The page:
They demonstrated the difference between Baltimore's new light rail system and its new stadium yesterday.
When Oriole Park at Camden Yards opened last month, there were fireworks and James Earl Jones reading from "Field of Dreams," floating balloons and parades down Pratt Street, a giant autographed baseball and a series of sold-out games.
Yesterday was the ceremonial opening of the Central Light Rail Line.
They had a train tear through a banner.
OK. It wasn't "Field of Dreams." So sue them.
"There's a passion for the Orioles and the ballpark," explained Dianna Rosborough, spokeswoman for the Mass Transit Administration, which organized the event. "Transit is something you get on to go to work."
Still, there was something appropriate about a low-key opening for light rail, a $446.3 million project that has been touted as a sensible approach to public transit -- more attractive than buses but cheaper than a subway.
More than 400 people gathered in the parking lot at Preston and Howard streets next to the Cultural Center light rail stop to celebrate. It was like a high school graduation: speeches and plaques, a brief parade, and lots of self-congratulation on a job well done.
Afterward, the assemblage went into the Joseph Meyerhoff Symphony Hall and chowed down on a buffet that included a cake decorated like a light rail map.
"Years ago we made an unwise decision to get rid of trolleys and rails in Baltimore," said state Senate Majority Leader Clarence W. Blount, D-Baltimore. "In an urban center like Baltimore, in order to move people . . . light rail is the way to go."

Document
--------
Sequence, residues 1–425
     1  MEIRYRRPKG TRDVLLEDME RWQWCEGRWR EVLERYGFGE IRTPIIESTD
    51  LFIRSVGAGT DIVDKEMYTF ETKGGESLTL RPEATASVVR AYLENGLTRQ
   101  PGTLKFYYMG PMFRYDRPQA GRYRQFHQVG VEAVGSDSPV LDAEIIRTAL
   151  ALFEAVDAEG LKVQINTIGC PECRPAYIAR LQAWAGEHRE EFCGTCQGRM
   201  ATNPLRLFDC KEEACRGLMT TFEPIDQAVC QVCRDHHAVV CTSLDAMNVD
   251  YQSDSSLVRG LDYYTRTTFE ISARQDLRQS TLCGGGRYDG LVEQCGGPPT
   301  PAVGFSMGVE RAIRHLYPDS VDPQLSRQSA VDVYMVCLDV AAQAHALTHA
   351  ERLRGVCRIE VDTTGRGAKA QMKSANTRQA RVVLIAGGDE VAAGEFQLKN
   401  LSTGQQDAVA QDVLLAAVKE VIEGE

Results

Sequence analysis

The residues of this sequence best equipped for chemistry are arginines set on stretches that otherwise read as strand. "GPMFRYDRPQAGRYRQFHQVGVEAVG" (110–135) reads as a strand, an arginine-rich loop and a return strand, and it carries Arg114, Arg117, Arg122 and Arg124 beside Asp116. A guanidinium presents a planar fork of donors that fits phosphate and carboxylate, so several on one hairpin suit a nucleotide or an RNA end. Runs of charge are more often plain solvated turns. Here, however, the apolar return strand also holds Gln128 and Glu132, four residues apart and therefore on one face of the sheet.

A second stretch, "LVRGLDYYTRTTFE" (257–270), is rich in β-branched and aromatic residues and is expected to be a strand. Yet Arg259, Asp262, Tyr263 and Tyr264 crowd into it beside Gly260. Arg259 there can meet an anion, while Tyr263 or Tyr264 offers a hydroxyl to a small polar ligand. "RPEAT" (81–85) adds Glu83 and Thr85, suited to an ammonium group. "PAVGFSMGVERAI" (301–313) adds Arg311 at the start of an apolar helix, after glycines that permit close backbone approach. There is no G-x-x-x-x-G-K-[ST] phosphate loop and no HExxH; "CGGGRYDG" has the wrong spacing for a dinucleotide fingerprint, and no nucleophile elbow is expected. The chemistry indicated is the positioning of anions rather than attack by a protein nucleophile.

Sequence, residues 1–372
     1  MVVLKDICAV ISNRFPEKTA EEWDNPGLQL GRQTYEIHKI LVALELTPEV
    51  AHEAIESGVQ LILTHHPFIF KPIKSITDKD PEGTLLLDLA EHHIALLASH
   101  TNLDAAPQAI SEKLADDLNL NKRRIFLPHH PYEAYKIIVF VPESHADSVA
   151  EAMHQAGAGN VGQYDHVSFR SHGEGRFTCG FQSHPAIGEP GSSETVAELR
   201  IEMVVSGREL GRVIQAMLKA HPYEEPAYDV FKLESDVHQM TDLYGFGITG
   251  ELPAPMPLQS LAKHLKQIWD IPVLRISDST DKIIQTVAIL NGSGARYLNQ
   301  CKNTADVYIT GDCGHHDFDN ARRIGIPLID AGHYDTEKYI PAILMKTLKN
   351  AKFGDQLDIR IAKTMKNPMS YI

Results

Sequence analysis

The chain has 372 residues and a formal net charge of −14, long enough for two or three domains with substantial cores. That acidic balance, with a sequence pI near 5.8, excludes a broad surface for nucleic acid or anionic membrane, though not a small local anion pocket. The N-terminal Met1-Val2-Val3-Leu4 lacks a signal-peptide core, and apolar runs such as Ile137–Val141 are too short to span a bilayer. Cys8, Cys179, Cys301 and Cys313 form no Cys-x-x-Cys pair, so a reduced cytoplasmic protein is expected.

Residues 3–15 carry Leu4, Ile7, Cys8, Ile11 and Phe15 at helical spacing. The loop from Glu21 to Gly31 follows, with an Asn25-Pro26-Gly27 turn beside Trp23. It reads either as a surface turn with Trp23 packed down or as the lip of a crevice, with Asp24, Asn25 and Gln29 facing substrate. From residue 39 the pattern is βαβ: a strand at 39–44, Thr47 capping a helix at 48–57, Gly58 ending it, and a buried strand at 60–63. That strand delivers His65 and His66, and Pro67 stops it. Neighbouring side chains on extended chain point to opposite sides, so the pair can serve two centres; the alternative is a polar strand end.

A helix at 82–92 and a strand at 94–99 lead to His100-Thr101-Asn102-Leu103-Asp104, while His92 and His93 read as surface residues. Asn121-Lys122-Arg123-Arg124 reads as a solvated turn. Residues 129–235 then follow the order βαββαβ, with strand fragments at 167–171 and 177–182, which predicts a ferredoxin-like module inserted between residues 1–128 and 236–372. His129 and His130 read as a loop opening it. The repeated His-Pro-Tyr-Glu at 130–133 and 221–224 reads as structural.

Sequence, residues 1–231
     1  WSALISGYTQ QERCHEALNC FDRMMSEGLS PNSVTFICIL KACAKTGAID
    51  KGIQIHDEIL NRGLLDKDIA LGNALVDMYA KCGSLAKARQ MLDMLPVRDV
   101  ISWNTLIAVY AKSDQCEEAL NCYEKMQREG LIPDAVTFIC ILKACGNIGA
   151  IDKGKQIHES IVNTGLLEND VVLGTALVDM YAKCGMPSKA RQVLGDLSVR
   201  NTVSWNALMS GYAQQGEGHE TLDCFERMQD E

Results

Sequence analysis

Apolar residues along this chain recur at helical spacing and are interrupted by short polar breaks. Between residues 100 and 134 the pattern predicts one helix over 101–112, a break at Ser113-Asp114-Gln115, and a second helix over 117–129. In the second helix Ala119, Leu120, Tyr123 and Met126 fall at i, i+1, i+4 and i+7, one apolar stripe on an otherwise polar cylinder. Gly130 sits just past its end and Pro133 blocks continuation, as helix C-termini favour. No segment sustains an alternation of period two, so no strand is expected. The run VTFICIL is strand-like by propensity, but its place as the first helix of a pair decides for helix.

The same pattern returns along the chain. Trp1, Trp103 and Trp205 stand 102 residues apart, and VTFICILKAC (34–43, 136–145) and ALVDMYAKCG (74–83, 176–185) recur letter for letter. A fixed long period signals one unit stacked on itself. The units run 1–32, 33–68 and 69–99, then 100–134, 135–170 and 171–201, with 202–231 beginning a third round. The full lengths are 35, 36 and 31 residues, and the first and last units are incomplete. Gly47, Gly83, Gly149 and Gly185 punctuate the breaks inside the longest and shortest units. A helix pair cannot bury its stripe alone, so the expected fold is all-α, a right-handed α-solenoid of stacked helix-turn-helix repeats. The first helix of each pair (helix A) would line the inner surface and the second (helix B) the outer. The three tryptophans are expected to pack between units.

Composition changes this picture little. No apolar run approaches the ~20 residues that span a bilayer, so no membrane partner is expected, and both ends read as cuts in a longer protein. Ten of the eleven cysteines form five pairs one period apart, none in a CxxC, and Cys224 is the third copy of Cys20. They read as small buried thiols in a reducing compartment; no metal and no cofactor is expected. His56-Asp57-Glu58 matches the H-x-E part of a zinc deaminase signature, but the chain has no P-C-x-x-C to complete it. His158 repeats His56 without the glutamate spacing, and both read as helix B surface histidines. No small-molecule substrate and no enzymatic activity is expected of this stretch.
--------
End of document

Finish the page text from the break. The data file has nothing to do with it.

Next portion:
A bit of the luster in yesterday's unveiling was stolen by the MTA, which has provided 125,000 passengers with limited service to Orioles games, as well as free community rides. And regular service between Timonium and Camden Yards doesn't actually begin until Sunday.
The non-event was was notable for its lack of dignitaries: Baltimore's mayor and council president were no-shows, as were Anne Arundel County Executive Robert R. Neall, the state's congressional delegation and the General Assembly's chief officers.
But there were plenty of happy people in the crowd, among them Gov. William Donald Schaefer, the project's chief supporter. He praised the legislators who supported the project and those General Assembly members who were willing to "make tough decisions," such as raising taxes.
"There were those who said, 'Don't do it' and that it [light rail] shouldn't be done. Then there were those who said it couldn't be done," Mr. Schaefer said. "And then they did it."
Transportation Secretary O. James Lighthizer also congratulated the MTA for completing the first phase of light rail in 35 months and under budget, albeit a second budget.
The system was initially projected to cost $290 million.
There was also a symbolic hand-off of sorts. A giant operating key provided by the Baltimore Streetcar Museum linked today's light rail with the city's trolley system, which closed 29 years ago.